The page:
Semiconductor loss estimation in an innovative global power converter designer

Abstract

This paper proposes an approach to quickly evaluate semiconductor losses. This approach combines a fast solver with ideal switch models and detailed loss data stored in multidimensional lookup-tables. This alternative offers a good compromise between accuracy and speed. It is implemented in PowerForge®, an innovative software to benchmark different power semiconductor devices or topologies. Results comparing PLECS, PSIM and PowerForge to evaluate the accuracy is proposed.

Introduction

Designing power converter is mostly a trade-off between efficiency and power density. While power density is mainly driven by the passive elements and heatsink volume, the efficiency is mainly impacted by the semiconductor losses (conduction and switching). Estimating accurately the losses of these devices is crucial for the converter efficiency as well as for the volume of the heatsinks. Usually, this loss estimation is performed with simple equations or with detailed simulations. This paper describes an approach that combines ideal switch models with detailed loss data to provide an efficient and accurate alternative to detailed device simulations at a minimum cost. This approach is used in PowerForge® [1], which is an innovative software to benchmark different topologies (including multilevel topologies such as NPC, T-type, flying capacitor) and different power semiconductor devices.

This paper purpose is to detail how the losses are estimated and how accurate they are compared to time-based circuit simulation tools.

In a first section, the general principle of the approach is described which relies on several distinct mechanisms: a frequency domain solver to compute waveforms, a storage in lookup tables of the loss data for a given component and an iterative loop to compute the junction temperature and exact losses. In a second section, the generation of the loss data are detailed. In a third section, the results are compared to time-based circuit simulation tools PLECS® [2] and PSIM® [3].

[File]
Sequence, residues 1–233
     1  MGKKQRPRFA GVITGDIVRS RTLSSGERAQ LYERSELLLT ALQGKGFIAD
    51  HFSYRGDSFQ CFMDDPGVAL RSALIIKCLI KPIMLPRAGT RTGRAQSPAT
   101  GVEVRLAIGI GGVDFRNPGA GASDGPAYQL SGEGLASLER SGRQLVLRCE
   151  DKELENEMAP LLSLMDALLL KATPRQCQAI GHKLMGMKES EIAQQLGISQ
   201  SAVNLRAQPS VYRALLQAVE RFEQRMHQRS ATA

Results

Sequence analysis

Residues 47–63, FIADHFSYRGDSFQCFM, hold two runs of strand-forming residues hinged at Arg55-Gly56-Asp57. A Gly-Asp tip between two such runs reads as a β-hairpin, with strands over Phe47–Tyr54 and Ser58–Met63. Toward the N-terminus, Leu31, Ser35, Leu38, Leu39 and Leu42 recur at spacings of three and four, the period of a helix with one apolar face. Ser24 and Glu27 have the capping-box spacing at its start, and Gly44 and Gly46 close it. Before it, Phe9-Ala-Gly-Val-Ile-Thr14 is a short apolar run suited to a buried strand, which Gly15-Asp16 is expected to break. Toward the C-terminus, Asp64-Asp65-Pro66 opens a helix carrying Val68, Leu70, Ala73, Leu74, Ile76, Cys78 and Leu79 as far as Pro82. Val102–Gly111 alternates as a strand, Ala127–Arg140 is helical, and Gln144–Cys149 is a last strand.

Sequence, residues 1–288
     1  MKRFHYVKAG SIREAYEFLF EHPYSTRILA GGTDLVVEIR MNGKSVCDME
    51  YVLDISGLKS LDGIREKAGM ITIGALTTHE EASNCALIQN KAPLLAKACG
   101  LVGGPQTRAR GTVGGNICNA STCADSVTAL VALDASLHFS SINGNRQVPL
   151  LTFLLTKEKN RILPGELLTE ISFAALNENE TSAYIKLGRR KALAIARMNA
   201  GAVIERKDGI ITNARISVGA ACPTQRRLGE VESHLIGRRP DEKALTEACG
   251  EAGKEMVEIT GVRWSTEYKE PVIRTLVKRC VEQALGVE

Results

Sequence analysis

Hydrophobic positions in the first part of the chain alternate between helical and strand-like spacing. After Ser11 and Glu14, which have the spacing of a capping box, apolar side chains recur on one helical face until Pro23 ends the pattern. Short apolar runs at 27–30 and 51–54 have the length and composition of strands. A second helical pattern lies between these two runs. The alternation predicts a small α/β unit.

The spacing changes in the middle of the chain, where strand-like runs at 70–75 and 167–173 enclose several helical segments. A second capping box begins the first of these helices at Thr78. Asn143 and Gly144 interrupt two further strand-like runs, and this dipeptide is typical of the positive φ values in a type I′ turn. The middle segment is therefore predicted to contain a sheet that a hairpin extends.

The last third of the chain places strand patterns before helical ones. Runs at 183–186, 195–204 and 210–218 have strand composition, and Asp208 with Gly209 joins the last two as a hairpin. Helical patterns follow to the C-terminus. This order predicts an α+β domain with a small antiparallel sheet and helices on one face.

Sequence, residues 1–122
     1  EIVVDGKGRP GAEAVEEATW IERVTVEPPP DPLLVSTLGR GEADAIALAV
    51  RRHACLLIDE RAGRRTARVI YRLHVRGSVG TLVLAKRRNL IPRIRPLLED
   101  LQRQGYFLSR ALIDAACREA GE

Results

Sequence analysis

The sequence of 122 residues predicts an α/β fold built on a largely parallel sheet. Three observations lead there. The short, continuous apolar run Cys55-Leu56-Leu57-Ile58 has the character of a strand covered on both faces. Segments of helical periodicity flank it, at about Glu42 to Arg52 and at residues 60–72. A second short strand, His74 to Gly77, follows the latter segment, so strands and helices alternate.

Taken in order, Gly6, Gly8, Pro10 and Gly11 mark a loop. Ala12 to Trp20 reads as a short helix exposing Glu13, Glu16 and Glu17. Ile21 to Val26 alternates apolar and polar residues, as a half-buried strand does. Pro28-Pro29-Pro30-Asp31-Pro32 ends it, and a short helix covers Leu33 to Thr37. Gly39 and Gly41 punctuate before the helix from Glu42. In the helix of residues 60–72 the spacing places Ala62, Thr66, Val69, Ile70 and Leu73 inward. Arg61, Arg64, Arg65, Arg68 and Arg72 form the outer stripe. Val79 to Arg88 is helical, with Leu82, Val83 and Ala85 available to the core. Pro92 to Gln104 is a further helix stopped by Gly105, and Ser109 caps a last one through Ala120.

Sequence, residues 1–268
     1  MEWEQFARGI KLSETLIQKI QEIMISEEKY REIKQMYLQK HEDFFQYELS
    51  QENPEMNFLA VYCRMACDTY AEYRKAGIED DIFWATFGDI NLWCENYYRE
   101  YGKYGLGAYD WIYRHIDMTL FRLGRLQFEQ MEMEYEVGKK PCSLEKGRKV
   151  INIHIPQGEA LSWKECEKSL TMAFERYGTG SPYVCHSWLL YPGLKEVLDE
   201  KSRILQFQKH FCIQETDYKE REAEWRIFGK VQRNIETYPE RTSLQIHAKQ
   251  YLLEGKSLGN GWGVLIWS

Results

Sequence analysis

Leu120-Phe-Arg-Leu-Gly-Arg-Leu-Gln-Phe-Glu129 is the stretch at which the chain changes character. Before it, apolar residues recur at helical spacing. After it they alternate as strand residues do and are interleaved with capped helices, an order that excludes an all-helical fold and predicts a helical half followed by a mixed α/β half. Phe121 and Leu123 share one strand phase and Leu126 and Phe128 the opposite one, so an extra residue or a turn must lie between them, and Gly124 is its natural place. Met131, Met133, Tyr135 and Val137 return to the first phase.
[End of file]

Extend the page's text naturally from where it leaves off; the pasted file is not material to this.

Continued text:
General principle

The approach to compute semiconductor losses is based on two key steps to provide a fast evaluation of these losses as shown in Fig. 1:

Fig. 1: General principle
  • Steady-state waveforms of the whole circuit are directly determined thanks to a frequency domain solver adapted to the switching cell. From these waveforms are extracted the switched currents and voltages for each switch event.
  • The values of current and voltage are used to read the resulting dissipated energy and power losses from multidimensional lookup tables for both conduction loss and switching loss.

The junction temperature considered is an average temperature over the modulation period. The losses and the junction temperature are determined with an iterative computation as the losses depend on the temperature and the temperature depends on the losses. This iterative loop ends when the difference of the junction temperature between two steps is below 0.5°C.

Steady-state Waveform Determination with a Frequency Solver

This method has been presented in [4]. The solver is adapted to commutation cells and based on the modified nodal analysis (MNA) [5]. It provides a very fast generic method to get steady-state waveforms of the power converters based on commutation cells with hard switching. The commutation cell is modelled by a current source \(I_{HV}\) at high voltage side and a voltage source \(V_{LV}\) at low voltage side as shown in Fig. 2 with the model of a simple dc-dc chopper.

Fig. 2: Commutation cell model of a simple dc-dc chopper

The values of current source \(I_{HV}\) and voltage source \(V_{HV}\) are analytically computed from:

$$V_{LV}(t) = D(t)·V_{HV}(t)$$ $$I_{LV}(t) = D(t)·I_{HV}(t)$$

Where \(D(t)\) is the duty cycle of the commutation cell.

The solving process can be summarized with the three steps shown in Fig. 3:

  • The frequency spectrums of current \(I_{HV}\) and voltage \(V_{LV}\) are first obtained with the Fast Fourier Transform (FFT) algorithm.
  • The MNA resolution is applied on all frequencies of the spectrum and the different voltages or currents of the circuits \((I_{LV}, V_{HV}, V_{ch}, I_{bus})\)
  • The Inverse Fast Fourier Transform (IFFT) algorithm is used to reconstruct the time-domain quantities at both sides of the commutation cell.

Fig. 3: Frequency resolution adapted to the commutation cell

From these waveforms are extracted the switched values of current and voltage as shown in Fig. 4.

Loss Data Storage with Multidimensional Lookup Tables

Switching energy and voltage drop data are stored as multidimensional lookup tables for each power semiconductor device, as following:

$$E_{on|off|rr} = f(V_{HV}, I, T_{j})$$(2)
$$V_{on} = f(I, T_{j})$$(3)

A linear interpolation can be performed between the points stored in the lookup tables, resulting in a continuous surface presented in Fig. 5 for Eq° (2) and in continuous curves presented in Fig. 6 for Eq° (3). The lookup tables consider the dependence on the temperature, which is computed as an average temperature over a modulation period with the interaction of the cooling device. Loss data stored in these lookup tables are extracted from manufacturer datasheets or estimated with a SPICE model as presented in the following section.

Fig. 5: Switching energies for different currents, voltages and temperatures

Fig. 6: Voltage drop for different current and temperatures (MOSFET)

Generation of Loss Data

Switching Loss Data